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Superconducting Electronics

  • Harold Weinstock
  • Martin Nisenoff

Part of the NATO ASI Series book series (volume 59)

Table of contents

  1. Front Matter
    Pages I-XII
  2. John R. Clem
    Pages 1-18
  3. C. Van Haesendonck, Y. Bruynseraede
    Pages 19-34
  4. Y. Bruynseraede, C. Vlekken, C. Van Haesendonck
    Pages 35-55
  5. G. B. Donaldson
    Pages 57-86
  6. John Clarke
    Pages 87-148
  7. Gordon B. Donaldson
    Pages 175-207
  8. N. F. Pedersen
    Pages 209-234
  9. J. E. Lukens, A. K. Jain, K. L. Wan
    Pages 235-258
  10. T. Van Duzer
    Pages 285-330
  11. Hisao Hayakawa
    Pages 331-383
  12. T. M. Klapwijk, D. R. Heslinga, W. M. van Huffelen
    Pages 385-408
  13. Back Matter
    Pages 443-445

About these proceedings

Introduction

The genesis of the NATO Advanced Study Institute (ASI) upon which this volume is based, occurred during the summer of 1986 when we came to the realization that there had been significant progress during the early 1980's in the field of superconducting electronics and in applications of this technology. Despite this progress, there was a perception among many engineers and scientists that, with the possible exception of a limited number of esoteric fundamental studies and applications (e.g., the Josephson voltage standard or the SQUID magnetometer), there was no significant future for electronic systems incorporating superconducting elements. One of the major reasons for this perception was the aversion to handling liquid helium or including a closed-cycle helium liquefier. In addition, many critics felt that IBM's cancellation of its superconducting computer project in 1983 was "proof" that superconductors could not possibly compete with semiconductors in high-speed signal processing. From our perspective, the need for liquid helium was outweighed by improved performance, i. e., higher speed, lower noise, greater sensitivity and much lower power dissipation. For many commercial, medical, scientific and military applications, these attributes can lead to either enhanced capability (e.g., compact real-time signal processing) or measurements that cannot be made using any other technology (e.g., SQUID magnetometry to detect neuromagnetic activity).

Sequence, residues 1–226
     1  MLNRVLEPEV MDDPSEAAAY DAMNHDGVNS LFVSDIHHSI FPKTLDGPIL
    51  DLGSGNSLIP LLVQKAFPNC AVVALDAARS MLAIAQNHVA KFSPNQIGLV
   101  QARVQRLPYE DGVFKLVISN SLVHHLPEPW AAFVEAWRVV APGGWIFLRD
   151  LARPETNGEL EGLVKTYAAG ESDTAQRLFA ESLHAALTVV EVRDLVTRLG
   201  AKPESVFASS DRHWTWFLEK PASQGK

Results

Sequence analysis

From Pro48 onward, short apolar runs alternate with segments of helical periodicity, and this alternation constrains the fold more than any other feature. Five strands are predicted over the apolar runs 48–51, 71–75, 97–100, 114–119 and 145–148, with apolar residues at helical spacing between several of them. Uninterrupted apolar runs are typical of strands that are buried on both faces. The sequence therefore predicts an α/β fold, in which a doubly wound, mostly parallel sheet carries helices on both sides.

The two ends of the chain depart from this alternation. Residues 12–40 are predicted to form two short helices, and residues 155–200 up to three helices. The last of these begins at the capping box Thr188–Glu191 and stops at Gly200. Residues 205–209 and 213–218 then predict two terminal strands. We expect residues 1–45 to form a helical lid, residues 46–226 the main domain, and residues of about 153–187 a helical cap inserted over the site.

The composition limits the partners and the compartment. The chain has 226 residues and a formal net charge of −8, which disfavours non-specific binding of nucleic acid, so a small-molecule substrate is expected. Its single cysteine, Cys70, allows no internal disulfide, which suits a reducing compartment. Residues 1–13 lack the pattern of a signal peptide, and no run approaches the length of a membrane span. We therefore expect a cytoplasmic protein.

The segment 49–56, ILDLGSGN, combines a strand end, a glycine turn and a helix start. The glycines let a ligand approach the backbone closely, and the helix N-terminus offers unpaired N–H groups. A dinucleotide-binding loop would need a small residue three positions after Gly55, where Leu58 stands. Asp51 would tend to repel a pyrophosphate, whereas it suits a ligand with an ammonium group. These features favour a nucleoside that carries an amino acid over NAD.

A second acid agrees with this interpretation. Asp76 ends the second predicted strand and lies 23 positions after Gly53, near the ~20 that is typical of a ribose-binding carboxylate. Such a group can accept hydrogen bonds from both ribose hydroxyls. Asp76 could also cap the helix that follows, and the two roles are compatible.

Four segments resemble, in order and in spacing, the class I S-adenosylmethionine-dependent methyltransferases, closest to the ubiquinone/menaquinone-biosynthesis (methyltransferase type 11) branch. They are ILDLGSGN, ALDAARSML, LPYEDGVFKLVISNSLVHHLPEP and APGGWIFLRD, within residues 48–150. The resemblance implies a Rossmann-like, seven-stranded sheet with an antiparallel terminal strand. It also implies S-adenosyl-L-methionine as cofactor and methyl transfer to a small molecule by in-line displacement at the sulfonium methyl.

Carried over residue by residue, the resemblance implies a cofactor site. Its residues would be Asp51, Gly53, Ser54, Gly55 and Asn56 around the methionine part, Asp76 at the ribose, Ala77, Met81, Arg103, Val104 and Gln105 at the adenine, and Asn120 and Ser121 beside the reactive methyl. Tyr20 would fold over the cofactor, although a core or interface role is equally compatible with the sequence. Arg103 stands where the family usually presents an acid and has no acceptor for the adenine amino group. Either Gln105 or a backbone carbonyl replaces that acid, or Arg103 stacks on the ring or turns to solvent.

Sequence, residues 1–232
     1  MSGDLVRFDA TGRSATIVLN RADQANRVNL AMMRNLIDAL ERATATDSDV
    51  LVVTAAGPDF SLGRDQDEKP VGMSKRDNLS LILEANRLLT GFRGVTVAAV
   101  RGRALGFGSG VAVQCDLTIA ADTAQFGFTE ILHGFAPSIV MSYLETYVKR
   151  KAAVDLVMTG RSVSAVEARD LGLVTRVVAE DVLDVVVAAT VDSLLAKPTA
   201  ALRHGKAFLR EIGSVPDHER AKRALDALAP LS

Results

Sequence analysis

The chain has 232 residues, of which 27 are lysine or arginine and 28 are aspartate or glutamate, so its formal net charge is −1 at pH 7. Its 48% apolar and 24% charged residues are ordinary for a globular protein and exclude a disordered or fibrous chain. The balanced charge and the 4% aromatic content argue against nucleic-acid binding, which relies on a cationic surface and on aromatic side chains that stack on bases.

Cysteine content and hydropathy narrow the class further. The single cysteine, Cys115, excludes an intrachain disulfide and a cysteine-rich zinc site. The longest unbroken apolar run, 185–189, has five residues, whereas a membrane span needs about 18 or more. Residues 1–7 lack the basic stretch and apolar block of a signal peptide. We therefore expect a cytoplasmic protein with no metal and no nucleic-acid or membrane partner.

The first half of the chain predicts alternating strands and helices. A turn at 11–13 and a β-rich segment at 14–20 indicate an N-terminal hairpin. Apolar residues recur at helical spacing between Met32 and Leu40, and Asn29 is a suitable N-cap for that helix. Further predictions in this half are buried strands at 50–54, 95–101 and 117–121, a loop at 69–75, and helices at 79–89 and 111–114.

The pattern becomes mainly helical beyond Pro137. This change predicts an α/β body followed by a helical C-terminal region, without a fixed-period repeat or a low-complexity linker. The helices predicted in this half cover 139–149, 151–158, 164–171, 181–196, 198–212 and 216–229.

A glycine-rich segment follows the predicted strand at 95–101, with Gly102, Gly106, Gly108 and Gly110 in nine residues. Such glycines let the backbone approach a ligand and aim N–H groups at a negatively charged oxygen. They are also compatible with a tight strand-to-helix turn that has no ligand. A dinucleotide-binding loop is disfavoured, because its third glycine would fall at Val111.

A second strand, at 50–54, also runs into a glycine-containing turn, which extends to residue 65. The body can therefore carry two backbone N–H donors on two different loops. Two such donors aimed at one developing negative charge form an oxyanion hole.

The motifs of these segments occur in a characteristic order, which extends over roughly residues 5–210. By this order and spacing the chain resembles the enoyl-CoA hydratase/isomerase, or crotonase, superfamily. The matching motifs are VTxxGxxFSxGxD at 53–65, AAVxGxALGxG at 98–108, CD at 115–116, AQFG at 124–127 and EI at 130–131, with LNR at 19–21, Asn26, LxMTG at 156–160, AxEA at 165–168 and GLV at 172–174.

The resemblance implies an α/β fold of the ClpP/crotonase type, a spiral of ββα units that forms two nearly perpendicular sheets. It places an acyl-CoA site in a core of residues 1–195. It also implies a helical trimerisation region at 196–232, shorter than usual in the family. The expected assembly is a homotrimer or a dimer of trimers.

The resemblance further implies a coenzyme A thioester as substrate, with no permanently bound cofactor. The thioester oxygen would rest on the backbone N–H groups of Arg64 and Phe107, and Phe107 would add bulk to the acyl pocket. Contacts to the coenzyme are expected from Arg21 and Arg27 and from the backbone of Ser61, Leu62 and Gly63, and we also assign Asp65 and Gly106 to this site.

Keywords

Bauelemente Cryogenics Integrated Circuits Josephson Effect Josephson junction Josephson-Effekt Kryogenik SQUID Signal Processing Signalverarbeitung Superconductivity Superconductor Supraleitung electronics

Editors and affiliations

  • Harold Weinstock
    • 1
  • Martin Nisenoff
    • 2
  1. 1.Air Force Office of Scientific ResearchUSA
  2. 2.Naval Research LaboratoryUSA

Bibliographic information

  • DOI https://doi.org/10.1007/978-3-642-83885-9
  • Copyright Information Springer-Verlag Berlin Heidelberg 1989
  • Publisher Name Springer, Berlin, Heidelberg
  • eBook Packages Springer Book Archive
  • Print ISBN 978-3-642-83887-3
  • Online ISBN 978-3-642-83885-9
  • Buy this book on publisher's site